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Six patients with Acinetobacter genomic species 10 bacteremia were identified. The clinical features of the patients, phenotypic and genotypic identifications, antimicrobial susceptibilities, and genes flanking ISAba1 of the bacteria were described. The results revealed that this bacterium is a potentially lethal pathogen that can cause health care-associated infections in debilitated patients.
Acinetobacter species that do not belong to the Acinetobacter calcoaceticus-Acinetobacter baumannii complex are rarely encountered in clinical practice. Moreover, they cannot be reliably identified by commercially available systems (1, 6, 7). As a result, their clinical significance remains elusive. With the advancement of molecular methods, infections caused by uncommon Acinetobacter species, such as Acinetobacter ursingii, Acinetobacter schindleri (6), and Acinetobacter septicus sp. nov. (9), have been described recently.
Although isolates of Acinetobacter genomic species 10 (AGS 10), renamed Acinetobacter bereziniae sp. nov. (13), have previously been identified in clinical samples, they were subjected to studies of identification methods without mention of clinical relevance (10, 15). In this study, we identified AGS 10 isolates from six blood samples. The clinical features of the patients, phenotypic and genotypic identifications, and antimicrobial susceptibilities of the bacteria were described. To our knowledge, this is the largest case series report of AGS 10 infection.
Six of the 47 non-A. calcoaceticus-A. baumannii complex strains from a previous study (4) were identified as AGS 10 on the basis of sequence analyses of the 16S-23S rRNA intergenic spacer (ITS) and recA gene (2, 10). The bacteria were initially isolated from blood culture by using the BACTEC NR-660 system (Becton Dickinson Diagnostic Instrument Systems, Sparks, MD) and phenotypically identified as Acinetobacter junii by the 32GN system (bioMérieux, Marcy l'Etoile, France). The infected patients were men with multiple comorbidities and/or invasive devices (Table (Table1).1). Five of the six episodes of bacteremia occurred nosocomially. Patient 2 had just been discharged from our hospital and thus had acquired a health care-associated infection. The matters of infection origin and other concurrent infection remained elusive. Fevers (range, 38.5 to 39.5°C; median, 39.0°C) during bacteremia occurred in five of the six subjects, although patient 3, with a 37.5°C temperature, had presented with chills, dyspnea, and oxygen desaturation during bacteremia. All patients had sepsis, while patients 2, 3, and 5 developed septic shock. Blood cultures of all patients yielded only AGS 10. Five patients survived to discharge. One critically ill patient (patient 5) who received inadequate antibiotic therapy succumbed. No other cause of death was identified.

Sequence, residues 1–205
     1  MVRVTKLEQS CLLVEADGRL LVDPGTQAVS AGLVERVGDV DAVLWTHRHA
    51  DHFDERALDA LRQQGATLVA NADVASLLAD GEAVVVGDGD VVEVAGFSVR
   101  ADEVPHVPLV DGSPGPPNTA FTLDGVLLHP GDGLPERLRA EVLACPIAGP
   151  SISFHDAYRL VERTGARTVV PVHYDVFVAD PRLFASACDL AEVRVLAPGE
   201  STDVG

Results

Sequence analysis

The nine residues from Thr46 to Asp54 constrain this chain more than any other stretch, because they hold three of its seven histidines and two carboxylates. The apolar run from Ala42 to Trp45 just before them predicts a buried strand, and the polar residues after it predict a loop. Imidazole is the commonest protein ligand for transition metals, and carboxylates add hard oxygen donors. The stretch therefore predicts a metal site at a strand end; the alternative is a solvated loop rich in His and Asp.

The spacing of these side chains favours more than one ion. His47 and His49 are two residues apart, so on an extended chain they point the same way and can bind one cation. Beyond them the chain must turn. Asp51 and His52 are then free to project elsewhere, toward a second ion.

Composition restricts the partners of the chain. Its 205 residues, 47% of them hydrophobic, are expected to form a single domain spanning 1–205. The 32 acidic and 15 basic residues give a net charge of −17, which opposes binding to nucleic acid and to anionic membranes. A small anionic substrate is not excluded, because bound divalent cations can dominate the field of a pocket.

The ITS sequence (793 bp) showed 98 to 99% similarity to the reference strain in GenBank (BCRC 15423, equal to ATCC 17924), while the intraspecies similarity was 97.85 to 99.33%. Neighbor-joining phylogenetic analysis (Fig. (Fig.1)1) utilized sequences of ITS genes from other different Acinetobacter species and grouped the clinical isolates and BCRC 15423 into the same cluster. The three most related species were Acinetobacter genomic species 11 (BCRC 15424, equal to ATCC 11171), Acinetobacter genomic species 14 BJ (CCUG 34435), and Acinetobacter haemolyticus (BCRC 14852, equal to ATCC 17906), with similarities of 92.18 to 93.52%, 79.75 to 80.53%, and 79.27 to 80.13%, respectively. Our data demonstrated the specificity of ITS sequencing in identification of AGS 10 in addition to species belonging to the A. calcoaceticus-A. baumannii complex (2). The recA gene of our strains also showed high sequence similarity (98 to 99%) to the GenBank reference strain (GenBank accession number AF191139) but only 88 to 89% similarity to genomic species 11 (GenBank accession number AF191140). The results revealed that recA may be an acceptable and specific tool for identifying AGS 10. Pulsed-field gel electrophoresis (PFGE) (3) revealed no clonal relationship among them (Fig. (Fig.22).